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Everything We Know About Project L

Every confirmed system, character, and update about Project L's release date, characters, gameplay, and esports space.
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Project L is the codename for a fighting game created by Riot Games that is promising to have an esports scene supported by a big developer unlike any other title.

You’ve probably heard the name Project L floating around. The game was announced back in 2019 but Riot has been pretty tight-lipped about the title. So what have we learned since then? What can the FGC expect?

On July 26, Riot dropped the biggest gameplay reveal so far complete with reactions from huge names in the FGC. Let's break it down:

In their usual pre-EVO fashion, the Cannon brothers and Riot Games gave us a much deeper look into Project L. In a couple of videos, they revealed that not only is the game a tag-based fighter, but that it will support 2 (human) players vs. 2 (other human) players. While tag fighters like Marvel vs. Capcom are mainstays of the FGC, this is the first time that a game has attempted a TRUE 2v2 format where each person controls their own individual character.

In their latest /dev post, Riot Games showed off some of the gameplay that revealed that the tag mechanics are 100% controlled by the players. So if you’re putting together a combo, you hit the tag button and your player-controlled teammate will take over and finish it off. The player waiting in the wings isn’t just sitting idle either, the assist moves that we’re so accustomed to in tag fighters are also player controlled. If you aren't too keen on the possibility of having a teammate in a fighting game, don't worry. You can also play solo and control both characters like a more traditional tag fighter.

Working from this foundation, many of the mechanics we saw in the previous dev post last year are even more dense. The handshake tag, which has both characters active at the same time, sounds even more wild with two different people moving around at the same time. In addition to these crazy tag situations, there's also things like "Dynamic Save" which works like Guilty Gears' "Burst" mechanic and a tag at the same time. You'd use this as a way to disrupt your opponents combos and potentially counter attack. Also, before you even get in the match there's now the "Fuse" system which provides certain augments to your team like being able to use two assists at a time instead of one. If you're a fan of League of Legends, this is reminiscent of the "Runes" in that game. There's even more creativity in the Runes which can do things like double handshake tag, canceling super moves, and more. It sounds very complex and that's before exploring the characters at all.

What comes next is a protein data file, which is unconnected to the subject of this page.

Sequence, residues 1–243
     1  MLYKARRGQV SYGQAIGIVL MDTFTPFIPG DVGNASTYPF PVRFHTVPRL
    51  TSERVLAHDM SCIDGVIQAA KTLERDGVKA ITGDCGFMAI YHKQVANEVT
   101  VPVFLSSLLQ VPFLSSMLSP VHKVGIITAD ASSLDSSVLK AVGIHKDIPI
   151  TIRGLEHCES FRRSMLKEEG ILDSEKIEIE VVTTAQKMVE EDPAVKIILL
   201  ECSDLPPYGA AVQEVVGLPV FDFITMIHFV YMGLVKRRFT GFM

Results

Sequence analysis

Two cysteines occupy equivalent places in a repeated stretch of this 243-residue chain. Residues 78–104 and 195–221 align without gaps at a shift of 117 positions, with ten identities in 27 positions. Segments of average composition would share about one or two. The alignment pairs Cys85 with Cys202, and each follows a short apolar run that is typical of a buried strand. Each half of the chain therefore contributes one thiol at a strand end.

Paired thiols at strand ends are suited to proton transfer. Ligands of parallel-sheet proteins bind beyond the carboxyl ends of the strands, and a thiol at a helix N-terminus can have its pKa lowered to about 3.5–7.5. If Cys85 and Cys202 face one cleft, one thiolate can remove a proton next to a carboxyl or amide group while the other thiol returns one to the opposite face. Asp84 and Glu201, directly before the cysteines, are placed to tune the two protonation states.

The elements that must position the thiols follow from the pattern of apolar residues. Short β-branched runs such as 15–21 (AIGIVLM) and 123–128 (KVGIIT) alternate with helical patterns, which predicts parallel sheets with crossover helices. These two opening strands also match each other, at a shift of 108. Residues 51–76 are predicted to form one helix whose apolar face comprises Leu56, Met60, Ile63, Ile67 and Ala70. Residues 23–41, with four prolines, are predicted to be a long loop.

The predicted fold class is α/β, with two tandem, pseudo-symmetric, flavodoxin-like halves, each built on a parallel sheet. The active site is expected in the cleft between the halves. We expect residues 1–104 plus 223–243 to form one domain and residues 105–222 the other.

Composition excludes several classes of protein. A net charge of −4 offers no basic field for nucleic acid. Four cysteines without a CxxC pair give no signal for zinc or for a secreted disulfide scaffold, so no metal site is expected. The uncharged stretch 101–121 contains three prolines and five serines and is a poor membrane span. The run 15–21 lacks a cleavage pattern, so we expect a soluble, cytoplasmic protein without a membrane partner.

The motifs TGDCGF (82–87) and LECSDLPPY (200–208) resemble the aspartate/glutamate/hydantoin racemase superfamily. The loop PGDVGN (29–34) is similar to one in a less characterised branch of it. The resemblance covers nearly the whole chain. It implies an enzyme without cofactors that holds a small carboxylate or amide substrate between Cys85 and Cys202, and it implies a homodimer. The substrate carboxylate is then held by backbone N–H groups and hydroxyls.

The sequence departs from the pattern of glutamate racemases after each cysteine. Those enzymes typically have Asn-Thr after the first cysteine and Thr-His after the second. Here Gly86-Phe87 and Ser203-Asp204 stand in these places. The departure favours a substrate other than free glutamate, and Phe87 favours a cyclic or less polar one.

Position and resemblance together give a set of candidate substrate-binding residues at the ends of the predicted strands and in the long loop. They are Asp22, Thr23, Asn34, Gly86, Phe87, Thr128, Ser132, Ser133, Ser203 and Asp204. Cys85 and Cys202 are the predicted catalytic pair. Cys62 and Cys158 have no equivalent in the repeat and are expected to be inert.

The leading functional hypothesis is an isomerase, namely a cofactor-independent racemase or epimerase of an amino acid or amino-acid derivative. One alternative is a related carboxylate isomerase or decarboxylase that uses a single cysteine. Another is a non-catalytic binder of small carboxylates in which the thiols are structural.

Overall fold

Various content creators like Justin Wong and Maximilian Dood were given access to the game and gave even more context to the games' mechanics if you want to wade into the weeds. There's also an entire match that Riot posted to their YouTube as well. And while there's now much more footage, that video is the only look we have at a start to finish match. That is until EVO at least. Executive Producer, Tom Cannon, revealed that there will be a playable version of the game on the floor in Las Vegas, which means we should be seeing a lot more of Project L very soon.

Lastly, we got a look at some of the UI and design elements of Project L which have been mostly under wraps since the games announcement nearly two years ago. It's a very clean interface with not much going on in the way of effects, letting the design of the characters take center stage. As of now we know that Darius, Ahri, Ekko, Jinx, and Ilaoi are confirmed for the game, but only the first three will be playable at RVO. However, Riot says that there's one more yet to be revealed champion that will be playable next weekend. 

When is Project L Coming Out?

There’s sadly no release date for Project L. But there are some speculations.